Moon Maid's sensor comparison

Started Feb 29, 2012 | Discussions thread
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Marianne Oelund Veteran Member • Posts: 6,596
Moon Maid's sensor comparison

Alright, I'll admit it: Every time I see someone claim that camera A is "X stops" better than camera B for high-ISO use, it makes me cringe. Generally, it will fail to be true, and there isn't a single number that can characterize sensor performance - or the difference between sensors. In fact, one of the points of this exercise is to demonstrate how close the current-generation cameras are, at least across the mid- to light-tone range.

Here, I would like to share with you how my engineering mind visualizes sensor performance with respect to noise, considering a few cameras which are presently quite topical. These are SNR (signal-to-noise ratio) curves at some selected ISO settings, which give an assessment of freedom from noise over a wide tonal range.

The vertical scale is in dB. At 40dB, SNR is 100:1 and noise is barely perceptible. At 30dB, noise is fairly visible at large print size, but would not be considered objectionable by most users. At 20dB, SNR is only 10:1 and you will want to use noise-reduction software to obtain a quality print, and at 10dB, results may still be considered only fair after careful NR. The horizontal scale is EV, corresponding approximately to what your camera's exposure meter would indicate on a blank wall; sensor saturation is typically just above +3EV.

Since this includes cameras which are not yet available in production form, please keep in mind that the data is preliminary and subject to change. However, the analysis was performed with great care, and I am not expecting significant changes.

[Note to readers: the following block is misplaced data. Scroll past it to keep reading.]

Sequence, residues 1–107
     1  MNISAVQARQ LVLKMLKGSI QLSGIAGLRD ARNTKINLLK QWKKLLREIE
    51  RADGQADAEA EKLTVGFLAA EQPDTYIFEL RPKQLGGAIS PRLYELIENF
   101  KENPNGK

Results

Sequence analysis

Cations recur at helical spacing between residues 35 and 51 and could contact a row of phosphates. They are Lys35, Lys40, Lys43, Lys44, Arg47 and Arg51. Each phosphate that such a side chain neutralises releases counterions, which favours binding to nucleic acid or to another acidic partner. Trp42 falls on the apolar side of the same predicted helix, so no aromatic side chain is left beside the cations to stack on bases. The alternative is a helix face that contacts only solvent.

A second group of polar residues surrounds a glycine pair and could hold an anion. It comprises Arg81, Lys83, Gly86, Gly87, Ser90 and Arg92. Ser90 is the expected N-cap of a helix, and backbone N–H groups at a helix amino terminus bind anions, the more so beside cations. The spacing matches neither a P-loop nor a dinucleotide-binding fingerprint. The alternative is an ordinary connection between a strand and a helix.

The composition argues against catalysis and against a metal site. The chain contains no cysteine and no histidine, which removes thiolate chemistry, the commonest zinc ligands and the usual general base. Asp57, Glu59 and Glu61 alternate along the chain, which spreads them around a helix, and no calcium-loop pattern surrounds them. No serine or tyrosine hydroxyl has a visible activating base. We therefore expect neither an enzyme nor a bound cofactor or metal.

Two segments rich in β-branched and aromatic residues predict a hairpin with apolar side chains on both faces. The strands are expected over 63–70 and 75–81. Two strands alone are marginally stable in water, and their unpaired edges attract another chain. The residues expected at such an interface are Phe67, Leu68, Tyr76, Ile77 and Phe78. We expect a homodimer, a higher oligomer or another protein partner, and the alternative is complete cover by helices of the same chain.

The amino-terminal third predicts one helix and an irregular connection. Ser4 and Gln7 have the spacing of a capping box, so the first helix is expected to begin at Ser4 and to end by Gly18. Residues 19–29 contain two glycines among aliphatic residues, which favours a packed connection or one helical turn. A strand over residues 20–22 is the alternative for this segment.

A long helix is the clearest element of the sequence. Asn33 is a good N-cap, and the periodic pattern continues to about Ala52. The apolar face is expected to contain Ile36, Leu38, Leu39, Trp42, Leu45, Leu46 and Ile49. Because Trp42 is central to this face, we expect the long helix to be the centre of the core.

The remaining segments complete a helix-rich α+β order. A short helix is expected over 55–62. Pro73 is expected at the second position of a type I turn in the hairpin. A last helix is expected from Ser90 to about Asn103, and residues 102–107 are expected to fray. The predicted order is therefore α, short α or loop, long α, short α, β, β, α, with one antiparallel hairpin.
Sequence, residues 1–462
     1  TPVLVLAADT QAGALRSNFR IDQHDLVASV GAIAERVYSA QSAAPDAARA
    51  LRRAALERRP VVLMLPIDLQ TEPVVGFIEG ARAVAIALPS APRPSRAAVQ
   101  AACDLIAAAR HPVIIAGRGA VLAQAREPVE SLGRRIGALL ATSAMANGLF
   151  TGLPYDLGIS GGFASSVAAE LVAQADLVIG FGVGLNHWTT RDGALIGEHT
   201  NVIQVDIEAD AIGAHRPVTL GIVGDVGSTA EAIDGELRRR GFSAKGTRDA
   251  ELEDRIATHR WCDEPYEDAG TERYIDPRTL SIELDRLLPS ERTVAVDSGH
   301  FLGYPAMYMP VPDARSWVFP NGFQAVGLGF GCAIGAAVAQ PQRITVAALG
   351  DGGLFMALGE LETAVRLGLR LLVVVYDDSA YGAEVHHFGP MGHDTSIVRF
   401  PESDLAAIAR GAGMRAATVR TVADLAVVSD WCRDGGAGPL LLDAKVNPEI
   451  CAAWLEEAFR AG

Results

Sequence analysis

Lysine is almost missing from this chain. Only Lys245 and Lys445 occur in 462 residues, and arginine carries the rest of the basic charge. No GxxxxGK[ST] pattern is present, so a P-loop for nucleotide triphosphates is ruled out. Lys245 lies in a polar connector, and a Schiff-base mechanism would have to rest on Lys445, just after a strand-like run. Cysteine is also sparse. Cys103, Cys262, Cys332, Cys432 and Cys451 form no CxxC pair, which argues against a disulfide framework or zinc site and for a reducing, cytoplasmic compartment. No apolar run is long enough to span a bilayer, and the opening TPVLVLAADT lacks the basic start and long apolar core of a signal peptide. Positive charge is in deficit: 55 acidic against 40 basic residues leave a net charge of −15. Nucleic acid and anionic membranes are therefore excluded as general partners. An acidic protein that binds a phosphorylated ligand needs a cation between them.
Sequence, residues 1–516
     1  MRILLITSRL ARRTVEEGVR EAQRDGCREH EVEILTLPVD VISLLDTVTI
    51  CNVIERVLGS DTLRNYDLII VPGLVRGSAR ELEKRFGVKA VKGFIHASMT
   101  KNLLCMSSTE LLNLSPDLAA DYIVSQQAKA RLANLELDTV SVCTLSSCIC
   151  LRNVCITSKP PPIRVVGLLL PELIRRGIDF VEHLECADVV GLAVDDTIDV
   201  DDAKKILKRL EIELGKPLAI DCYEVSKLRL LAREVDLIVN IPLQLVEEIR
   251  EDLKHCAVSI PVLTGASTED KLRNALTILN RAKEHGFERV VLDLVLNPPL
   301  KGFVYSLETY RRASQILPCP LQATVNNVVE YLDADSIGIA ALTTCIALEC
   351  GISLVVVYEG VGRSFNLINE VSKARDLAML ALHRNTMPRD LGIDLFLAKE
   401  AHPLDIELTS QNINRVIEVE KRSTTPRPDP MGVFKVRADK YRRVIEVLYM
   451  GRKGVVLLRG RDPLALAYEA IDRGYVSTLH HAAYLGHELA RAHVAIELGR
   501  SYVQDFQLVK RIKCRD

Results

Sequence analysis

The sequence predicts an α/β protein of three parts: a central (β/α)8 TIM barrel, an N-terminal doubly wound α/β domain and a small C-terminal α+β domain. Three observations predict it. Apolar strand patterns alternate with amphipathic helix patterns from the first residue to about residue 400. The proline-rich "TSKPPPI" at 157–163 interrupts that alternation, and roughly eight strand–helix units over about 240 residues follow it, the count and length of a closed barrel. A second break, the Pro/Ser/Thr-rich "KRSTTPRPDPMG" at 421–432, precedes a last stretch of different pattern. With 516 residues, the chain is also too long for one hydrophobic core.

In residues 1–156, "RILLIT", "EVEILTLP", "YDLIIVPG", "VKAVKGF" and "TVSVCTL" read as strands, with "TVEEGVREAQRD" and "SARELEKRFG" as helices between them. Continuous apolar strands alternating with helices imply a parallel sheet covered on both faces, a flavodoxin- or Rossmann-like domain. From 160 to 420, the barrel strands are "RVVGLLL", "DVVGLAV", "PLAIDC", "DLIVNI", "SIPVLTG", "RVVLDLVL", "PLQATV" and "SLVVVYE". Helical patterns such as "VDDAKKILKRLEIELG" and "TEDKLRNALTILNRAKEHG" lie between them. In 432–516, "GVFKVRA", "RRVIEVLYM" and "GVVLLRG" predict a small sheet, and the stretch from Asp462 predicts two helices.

The curves represent only shot noise (photon noise) and read noise. Pattern noise, which is only of practical import across the upper part of the tonal range at low ISO settings, has not been included. This is partly due to the difficulty of making the measurement - the sensor must be extremely clean and my cameras are rarely in this condition.

Often, cameras are compared on a full-image basis, i.e., as though they would all be used to make the same size prints. To support this particular point of view, 12Mp-normalized curves are included. Personally, I also believe that per-pixel performance is a valid comparison approach for certain output sizes, so those curves are included as well. You may interpolate between the two curve types to find how the camera would perform at various downsampling ratios.

One final point I would like to emphasize: Recent marketing claims regarding high-ISO improvements are referring to the camera's JPEG output, not the basic sensor performance, and rely on camera processing throughput and NR algorithm improvements. This is great news for JPEG shooters, but such claims have little bearing on post-processed results from RAW files.

Canon EOS 10D Canon EOS 20D Canon EOS 30D Canon EOS 40D
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